On September 20, 2010, the United States (Government) brought an action against Defendants on behalf of the Willborns for violations of the FHA, pursuant to 42 U.S.C. § 3612(o), which authorizes the Attorney General to commence a civil action for violations of the FHA (Case Number 10 C 5967)(Government Action). This court found that the Government Action was related to the instant action and on January 14, 2011, the Government Action was reassigned to the undersigned judge based on a finding of relatedness. The Lowe Defendants and Midwest have filed motions to dismiss the claims in the Willborn Action and the Government Action.


In ruling on a motion to dismiss brought pursuant to Federal Rule of Civil Procedure 12(b)(6) (Rule 12(b)(6)), a court must "accept as true all of the allegations contained in a complaint" and make reasonable inferences in favor of the plaintiff. Ashcroft v. Iqbal, 129 S.Ct. 1937, 1949 (2009)(stating that the tenet is "inapplicable to legal conclusions"); Thompson v. Ill. Dep't of Prof'l Regulation, 300 F.3d 750, 753 (7th Cir. 2002). To defeat a Rule 12(b)(6) motion to dismiss, "a complaint must contain sufficient factual matter, accepted as true, to state a claim to relief that is plausible on its face." Iqbal, 129 S.Ct. at 1949 (internal quotations omitted)(quoting in part Bell Atlantic Corp. v. Twombly, 550 U.S. 544, 570 (2007)). A complaint that contains factual allegations that are "merely consistent with a defendant's liability . . . stops short of the line between possibility and plausibility of entitlement to relief." Iqbal, 129 S.Ct. at 1949 (internal quotations omitted).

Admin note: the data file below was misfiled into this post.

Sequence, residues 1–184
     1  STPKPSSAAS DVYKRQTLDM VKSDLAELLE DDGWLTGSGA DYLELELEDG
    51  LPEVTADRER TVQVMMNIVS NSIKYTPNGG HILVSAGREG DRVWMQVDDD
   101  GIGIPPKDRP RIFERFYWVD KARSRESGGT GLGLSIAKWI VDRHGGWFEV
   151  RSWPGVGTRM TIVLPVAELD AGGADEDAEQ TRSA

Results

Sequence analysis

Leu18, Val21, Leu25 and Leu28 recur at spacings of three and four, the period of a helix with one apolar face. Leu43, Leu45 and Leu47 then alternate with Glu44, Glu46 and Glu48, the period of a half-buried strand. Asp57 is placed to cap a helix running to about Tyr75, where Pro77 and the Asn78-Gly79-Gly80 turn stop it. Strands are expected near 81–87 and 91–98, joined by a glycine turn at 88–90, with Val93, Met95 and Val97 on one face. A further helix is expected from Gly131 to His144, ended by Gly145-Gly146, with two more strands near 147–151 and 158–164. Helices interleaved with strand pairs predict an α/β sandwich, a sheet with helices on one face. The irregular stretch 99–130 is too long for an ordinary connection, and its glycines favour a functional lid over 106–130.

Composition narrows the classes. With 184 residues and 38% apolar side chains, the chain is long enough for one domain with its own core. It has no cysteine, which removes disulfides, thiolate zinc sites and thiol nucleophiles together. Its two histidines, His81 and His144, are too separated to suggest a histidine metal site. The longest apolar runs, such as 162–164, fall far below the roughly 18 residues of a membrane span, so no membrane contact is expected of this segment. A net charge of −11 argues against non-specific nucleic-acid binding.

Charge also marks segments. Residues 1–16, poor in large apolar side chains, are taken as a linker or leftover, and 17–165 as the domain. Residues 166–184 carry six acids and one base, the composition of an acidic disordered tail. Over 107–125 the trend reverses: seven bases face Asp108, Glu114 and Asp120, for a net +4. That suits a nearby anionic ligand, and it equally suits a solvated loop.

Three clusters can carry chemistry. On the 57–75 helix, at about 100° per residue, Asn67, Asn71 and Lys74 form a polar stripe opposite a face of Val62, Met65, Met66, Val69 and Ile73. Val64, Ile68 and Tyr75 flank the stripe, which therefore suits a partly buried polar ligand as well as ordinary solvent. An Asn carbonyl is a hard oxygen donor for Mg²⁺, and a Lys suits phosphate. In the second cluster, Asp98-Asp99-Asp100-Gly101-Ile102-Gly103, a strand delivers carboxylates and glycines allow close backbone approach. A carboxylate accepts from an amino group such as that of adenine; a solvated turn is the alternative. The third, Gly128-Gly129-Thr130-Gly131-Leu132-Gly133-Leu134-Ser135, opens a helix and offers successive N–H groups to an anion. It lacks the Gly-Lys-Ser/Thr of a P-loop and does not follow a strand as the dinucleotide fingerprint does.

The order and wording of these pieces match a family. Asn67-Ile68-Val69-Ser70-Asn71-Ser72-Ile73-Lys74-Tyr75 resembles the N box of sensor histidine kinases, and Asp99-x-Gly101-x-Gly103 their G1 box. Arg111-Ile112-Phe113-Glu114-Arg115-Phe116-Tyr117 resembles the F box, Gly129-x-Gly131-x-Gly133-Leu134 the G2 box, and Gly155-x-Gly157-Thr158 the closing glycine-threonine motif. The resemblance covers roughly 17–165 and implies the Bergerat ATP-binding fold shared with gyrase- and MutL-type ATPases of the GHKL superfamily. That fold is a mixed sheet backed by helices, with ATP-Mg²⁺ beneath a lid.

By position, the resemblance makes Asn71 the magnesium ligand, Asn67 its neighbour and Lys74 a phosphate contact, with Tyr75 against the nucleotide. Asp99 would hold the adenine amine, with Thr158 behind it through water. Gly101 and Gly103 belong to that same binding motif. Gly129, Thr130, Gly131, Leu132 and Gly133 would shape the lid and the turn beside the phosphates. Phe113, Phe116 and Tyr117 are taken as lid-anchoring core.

Lowe Defendants and Midwest move to dismiss all claims brought against them in the Willborn Action and the Government Action.

I. Lowe Defendants

Lowe Defendants contend that there are not sufficient allegations in the complaint in the Willborn Action or the complaint in the Government Action (collectively referred to as "Complaints") to indicate any ...